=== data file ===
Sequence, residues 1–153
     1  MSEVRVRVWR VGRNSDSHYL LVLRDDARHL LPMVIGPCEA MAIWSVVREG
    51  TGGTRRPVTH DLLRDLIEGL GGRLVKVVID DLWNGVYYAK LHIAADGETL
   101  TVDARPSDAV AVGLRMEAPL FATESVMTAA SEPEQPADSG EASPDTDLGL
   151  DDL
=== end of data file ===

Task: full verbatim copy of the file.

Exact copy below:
Sequence, residues 1–153
     1  MSEVRVRVWR VGRNSDSHYL LVLRDDARHL LPMVIGPCEA MAIWSVVREG
    51  TGGTRRPVTH DLLRDLIEGL GGRLVKVVID DLWNGVYYAK LHIAADGETL
   101  TVDARPSDAV AVGLRMEAPL FATESVMTAA SEPEQPADSG EASPDTDLGL
   151  DDL